The question of whether God “killed” Jesus is important, because it affects the way we see the character of God, which in turn affects the way that we relate to him. God didn’t “pull the trigger”, or seek the killing of Jesus, but rather allowed it, in order to atone for our sins.
We need to look carefully at what God has told us in his word so that we believe the truth about him, and what happened on the cross is absolutely critical to our appreciation of who God is and what Jesus’ death means.
What might be the earliest known view of atonement is the Ransom Theory, which was developed by Origen (185-254 AD), and which was prevalent until the Middle Ages. The thought is that in the fall of Adam we made ourselves subject to the devil instead of God, but that Jesus ransomed us.
However, in 1098, Anselm came up with the Theory of Satisfaction which was most likely affected by the feudal culture in which he lived. Common folk served a knight who was charged with protecting the area in which they lived and a great social distance existed between them. An offense against the honor of a knight was considered very serious, and required heavy punishment to satisfy the offended knight’s honor. Knights could not simply forgive an offense, because that would imply the offense didn’t matter, in turn causing the people to be less fearful of the knighthood. An offense against the king demanded an even more severe response. For Anselm, sin was an offense against God’s honor, and God could not ignore our sins against Him, but the death of Jesus on the cross restored (satisfied) that honor. Through His suffering, Jesus regained the honor that was “lost”.
Hundreds of years after Anselm, Europe changed, and people were challenging the ideas of its previous society. The Protestant Reformation was ignited by Luther, Calvin, and others. This brought about the development of a new theory of atonement called Penal Substitution. Penal Substitutionary Atonement was based on Anselm’s Satisfaction Theory but with a significant upgrade: these reformers did not see the atonement as Jesus satisfying the honor of God in our place; rather Jesus satisfied the holiness and justice of God. The idea was that God is holy and therefore cannot come near unholiness (of sin). And, since He is just and cannot justly ignore sin, He then, according to the view of many; must therefore punish sin. So God poured out His necessary wrath for our sin on Jesus. Therefore, Jesus paid the debt for our sin in satisfaction of God’s holiness and justice.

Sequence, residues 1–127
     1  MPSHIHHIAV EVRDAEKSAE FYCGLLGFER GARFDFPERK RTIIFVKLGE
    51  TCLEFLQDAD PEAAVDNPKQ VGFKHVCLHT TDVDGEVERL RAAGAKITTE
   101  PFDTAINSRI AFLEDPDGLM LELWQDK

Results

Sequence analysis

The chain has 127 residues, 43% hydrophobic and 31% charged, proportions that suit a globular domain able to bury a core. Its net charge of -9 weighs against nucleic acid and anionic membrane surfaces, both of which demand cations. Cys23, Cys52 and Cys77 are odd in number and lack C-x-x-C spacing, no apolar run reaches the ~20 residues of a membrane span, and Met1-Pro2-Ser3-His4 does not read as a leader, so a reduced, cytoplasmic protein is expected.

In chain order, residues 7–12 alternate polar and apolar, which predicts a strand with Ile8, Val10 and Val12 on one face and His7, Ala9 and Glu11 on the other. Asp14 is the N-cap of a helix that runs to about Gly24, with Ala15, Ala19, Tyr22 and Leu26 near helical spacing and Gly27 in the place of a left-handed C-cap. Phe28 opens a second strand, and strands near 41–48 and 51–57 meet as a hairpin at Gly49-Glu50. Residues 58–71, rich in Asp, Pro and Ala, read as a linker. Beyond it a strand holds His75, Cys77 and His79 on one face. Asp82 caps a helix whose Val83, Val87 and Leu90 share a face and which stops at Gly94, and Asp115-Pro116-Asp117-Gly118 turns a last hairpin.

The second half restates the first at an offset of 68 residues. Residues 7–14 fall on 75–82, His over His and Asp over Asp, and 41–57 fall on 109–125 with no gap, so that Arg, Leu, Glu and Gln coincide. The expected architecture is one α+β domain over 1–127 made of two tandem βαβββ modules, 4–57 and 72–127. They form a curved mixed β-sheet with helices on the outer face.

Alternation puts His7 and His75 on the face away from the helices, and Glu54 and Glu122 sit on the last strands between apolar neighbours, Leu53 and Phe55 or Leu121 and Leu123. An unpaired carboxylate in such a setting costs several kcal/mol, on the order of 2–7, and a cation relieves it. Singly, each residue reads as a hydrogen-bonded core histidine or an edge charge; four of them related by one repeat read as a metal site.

So, if we assume Penal Substitution to be true, the question that is begged to be asked – did God want mankind to reject, torture and murder the Messiah (ultimately making God the executer)? Or did God allow mankind to kill Jesus, considering His’ death as a sacrificial atonement for sin?
God did not kill Jesus – or even want to
Here is a deductive argument, making the case that it is not possible that God killed Jesus:
- God is incapable of desiring sin, yet may allow sin to take place.
- Rejection, torture and murder of the Messiah are sins.
- Jesus was rejected, tortured and murdered.
- Therefore, God was incapable of desiring Jesus to be rejected, tortured and murdered. Yet allowed it (for morally sufficient reasons).
(1) God is incapable of desiring sin, yet may allow sin to take place.
God is holy, and therefore is incapable of desiring anything but good. It is impossible for Him to delight, take pleasure, or want evil or sin. Not because He chooses good over evil, but because He is goodness Himself. God hates sin because it is the very antithesis of His nature. (Psalm 5:4, Isaiah 6:3, Psalm 89:35, Psalm 92:15, Romans 9:14)
(2) Rejection, torture and murder of the Messiah are sins.
Jesus’ trial was rigged. He did not deserve the punishment (torture) and rejection He had to endure following the corrupted trial. The arrest, trial, conviction, sentencing and execution of Jesus Christ were, and still are, without legal precedent. He received the death penalty even though Pontius Pilate – the local Roman authority – found Him innocent. The unlawful premeditated killing of one human being by another is murder, and murder is a sin (Exodus 20:13).
(3) Jesus was rejected, tortured and murdered.
According to scriptures, Jesus was rejected, Jesus was tortured, and Jesus was murdered. (Matthew 23:39, Luke 22:63, Matthew 27:30, Mark 15:19, Matthew 26:67, John 19:3, Mark 14:65, 1 Thessalonians 2:14-15, Acts 5:30, Acts 2:36, Acts 3:15, Acts 4:10).
(4) Therefore, God was incapable of desiring Jesus to be rejected, tortured and murdered.
If God wanted us to reject, torture and kill the Messiah, it would mean that God wanted us to sin against Him. But God is unable to want sin, desire sin or take pleasure in sin, as it is against His nature. The obvious conclusion therefore, is that since the rejection, the torture and the killing of Jesus were sins, God could not have wanted them to take place, only that He allowed them to take place.
What about Isaiah 53:10?
There is one place in Scripture where God appears to want sin to take place, is in the first part of verse 10 of Isaiah chapter 53:
“But the LORD was pleased to crush Him…” (NASB)
“Yet it was the LORD’s will to crush him…” (NIV)